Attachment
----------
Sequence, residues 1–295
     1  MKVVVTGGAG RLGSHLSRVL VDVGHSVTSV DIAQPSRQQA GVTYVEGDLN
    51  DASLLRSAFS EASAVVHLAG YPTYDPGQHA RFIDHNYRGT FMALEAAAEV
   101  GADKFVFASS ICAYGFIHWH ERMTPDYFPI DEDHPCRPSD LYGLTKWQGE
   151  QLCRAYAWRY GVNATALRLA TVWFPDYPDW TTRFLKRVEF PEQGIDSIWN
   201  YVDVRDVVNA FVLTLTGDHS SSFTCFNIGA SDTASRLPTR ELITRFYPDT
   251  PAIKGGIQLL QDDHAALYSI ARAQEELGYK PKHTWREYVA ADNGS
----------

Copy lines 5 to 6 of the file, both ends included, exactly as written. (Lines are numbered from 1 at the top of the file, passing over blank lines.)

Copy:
   151  QLCRAYAWRY GVNATALRLA TVWFPDYPDW TTRFLKRVEF PEQGIDSIWN
   201  YVDVRDVVNA FVLTLTGDHS SSFTCFNIGA SDTASRLPTR ELITRFYPDT